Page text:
Outlook is a monolith on the Windows-Desktop and it’s hard to imagine the modern workplace without it. Over the years, Microsoft brought the app on macOS as well and put it in a great shape to even support Apples new M1-SoC straight from the scratch. Now, some rumors indicate that the time of the classic Desktop-app could be over soon.
Everything runs under the banner of „Project Monarch“ at Redmond and has the aim to fully replace the native Calendar- and Mail-app in Windows 10. Currently in early testing, the app is told to be run as a progressive web app, being platform-independent because of that background. Already entitled as „One Outlook“, this plan was already and somehow announced at last year’s „Ignite“ video-presentation, as Windows Central discovered recently.
While the well-known integrated Windows 10-apps are surely two apps that are about to be replaced, unifying the multiple different versions of Outlook for Windows and Mac are the other of both sides of the same coin. Not focusing either paid business customers or private users, the new Outlook-app is told to be available for everyone. Progressive web apps (PWAs) aren’t that new, indeed Microsoft deployed the packages for the web versions of Excel, PowerPoint or Word with an update quite some time ago without permission.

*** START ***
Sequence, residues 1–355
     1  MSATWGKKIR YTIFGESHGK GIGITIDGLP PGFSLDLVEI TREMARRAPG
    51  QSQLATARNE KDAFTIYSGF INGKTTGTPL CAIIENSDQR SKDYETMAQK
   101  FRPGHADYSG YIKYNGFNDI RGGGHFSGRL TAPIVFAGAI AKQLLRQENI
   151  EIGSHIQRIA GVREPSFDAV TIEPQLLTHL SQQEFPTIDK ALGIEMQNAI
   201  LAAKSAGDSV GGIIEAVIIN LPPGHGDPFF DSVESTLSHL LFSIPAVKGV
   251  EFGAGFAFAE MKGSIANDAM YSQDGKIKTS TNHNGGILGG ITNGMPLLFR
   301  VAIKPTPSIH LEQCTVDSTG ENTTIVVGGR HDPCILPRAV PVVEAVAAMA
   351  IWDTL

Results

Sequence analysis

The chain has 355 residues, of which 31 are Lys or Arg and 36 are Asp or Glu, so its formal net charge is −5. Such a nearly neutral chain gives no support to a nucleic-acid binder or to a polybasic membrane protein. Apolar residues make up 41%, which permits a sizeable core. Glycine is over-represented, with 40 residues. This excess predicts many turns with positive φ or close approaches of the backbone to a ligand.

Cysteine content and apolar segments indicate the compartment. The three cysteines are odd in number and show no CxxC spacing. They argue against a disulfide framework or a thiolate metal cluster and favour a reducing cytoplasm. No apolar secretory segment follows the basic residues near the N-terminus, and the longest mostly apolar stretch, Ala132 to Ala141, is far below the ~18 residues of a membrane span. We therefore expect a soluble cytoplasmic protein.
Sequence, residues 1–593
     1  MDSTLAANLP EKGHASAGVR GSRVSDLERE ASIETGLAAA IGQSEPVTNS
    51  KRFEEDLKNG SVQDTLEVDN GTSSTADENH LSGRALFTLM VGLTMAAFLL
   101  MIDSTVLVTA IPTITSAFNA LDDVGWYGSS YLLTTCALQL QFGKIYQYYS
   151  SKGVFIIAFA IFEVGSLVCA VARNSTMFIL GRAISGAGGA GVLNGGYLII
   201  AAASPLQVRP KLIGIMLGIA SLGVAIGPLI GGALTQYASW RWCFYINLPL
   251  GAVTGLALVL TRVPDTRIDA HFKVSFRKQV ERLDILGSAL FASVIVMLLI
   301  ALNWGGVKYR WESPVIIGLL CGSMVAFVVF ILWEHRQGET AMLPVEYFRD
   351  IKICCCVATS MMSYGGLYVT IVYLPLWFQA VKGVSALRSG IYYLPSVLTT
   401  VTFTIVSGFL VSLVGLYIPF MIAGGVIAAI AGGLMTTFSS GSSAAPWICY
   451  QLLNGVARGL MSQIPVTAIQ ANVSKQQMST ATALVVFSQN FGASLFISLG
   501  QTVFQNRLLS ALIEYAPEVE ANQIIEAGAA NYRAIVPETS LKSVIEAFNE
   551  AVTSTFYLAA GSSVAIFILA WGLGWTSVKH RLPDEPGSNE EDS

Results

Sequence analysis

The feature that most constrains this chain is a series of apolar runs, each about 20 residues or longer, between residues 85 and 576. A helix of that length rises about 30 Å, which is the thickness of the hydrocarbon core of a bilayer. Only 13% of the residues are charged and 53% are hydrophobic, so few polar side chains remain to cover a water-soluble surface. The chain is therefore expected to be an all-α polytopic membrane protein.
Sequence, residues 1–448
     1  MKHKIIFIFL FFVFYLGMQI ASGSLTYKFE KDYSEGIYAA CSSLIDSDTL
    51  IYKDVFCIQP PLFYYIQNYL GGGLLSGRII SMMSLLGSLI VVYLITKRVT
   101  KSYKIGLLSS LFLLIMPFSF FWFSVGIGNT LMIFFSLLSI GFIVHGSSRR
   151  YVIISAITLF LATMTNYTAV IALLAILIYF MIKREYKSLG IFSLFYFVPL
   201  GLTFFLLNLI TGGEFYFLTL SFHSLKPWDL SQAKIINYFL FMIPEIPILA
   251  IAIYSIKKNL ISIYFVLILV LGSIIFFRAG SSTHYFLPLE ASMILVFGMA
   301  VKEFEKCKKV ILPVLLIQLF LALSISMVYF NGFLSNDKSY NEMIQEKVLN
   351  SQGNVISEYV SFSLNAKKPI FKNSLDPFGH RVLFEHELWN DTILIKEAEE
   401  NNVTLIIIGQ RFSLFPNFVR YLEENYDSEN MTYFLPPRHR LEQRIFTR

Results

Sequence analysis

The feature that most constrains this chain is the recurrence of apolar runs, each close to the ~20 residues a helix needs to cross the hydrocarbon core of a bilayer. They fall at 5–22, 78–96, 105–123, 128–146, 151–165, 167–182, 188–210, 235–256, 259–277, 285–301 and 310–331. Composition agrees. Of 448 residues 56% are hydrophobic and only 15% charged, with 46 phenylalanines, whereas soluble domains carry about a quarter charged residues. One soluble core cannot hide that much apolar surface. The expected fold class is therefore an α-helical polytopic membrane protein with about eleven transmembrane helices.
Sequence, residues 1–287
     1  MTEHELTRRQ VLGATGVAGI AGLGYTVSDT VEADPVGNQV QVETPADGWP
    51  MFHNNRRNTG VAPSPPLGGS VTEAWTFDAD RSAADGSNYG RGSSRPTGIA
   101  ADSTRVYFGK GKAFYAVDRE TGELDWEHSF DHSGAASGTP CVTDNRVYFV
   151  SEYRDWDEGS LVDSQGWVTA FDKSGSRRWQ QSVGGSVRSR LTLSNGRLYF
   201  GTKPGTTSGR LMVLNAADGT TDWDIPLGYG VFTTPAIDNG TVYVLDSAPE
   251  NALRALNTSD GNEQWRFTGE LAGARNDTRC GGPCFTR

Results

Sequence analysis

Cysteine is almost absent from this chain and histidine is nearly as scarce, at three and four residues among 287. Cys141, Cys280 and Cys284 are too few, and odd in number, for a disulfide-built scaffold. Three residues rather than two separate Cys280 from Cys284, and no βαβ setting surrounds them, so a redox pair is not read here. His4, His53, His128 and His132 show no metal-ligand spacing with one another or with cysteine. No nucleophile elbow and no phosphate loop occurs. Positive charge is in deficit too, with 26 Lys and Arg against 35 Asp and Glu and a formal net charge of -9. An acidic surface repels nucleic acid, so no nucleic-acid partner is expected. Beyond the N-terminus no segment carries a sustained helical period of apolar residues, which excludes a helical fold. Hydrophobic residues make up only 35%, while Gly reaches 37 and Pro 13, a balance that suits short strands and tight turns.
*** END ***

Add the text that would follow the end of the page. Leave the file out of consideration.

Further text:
Microsoft has not officially commented on Project Monarch. It is expected that the company will begin previewing the new Outlook toward the end of 2021. Replacing Mail & Calendar on Windows is believed to be planned for 2022. While Outlook’s web client for private and business customers is already one of the best web implementation of a complete PIM, it is likely to disappear and further integrate into the specific operating system.
It seems that we see the dying days of classic on-premises apps while Microsoft strives for embracing the progressive web apps. The Outlook vision of „IT and user value in a hybrid workspace“, as the company told last September, appears to be even more graspable now.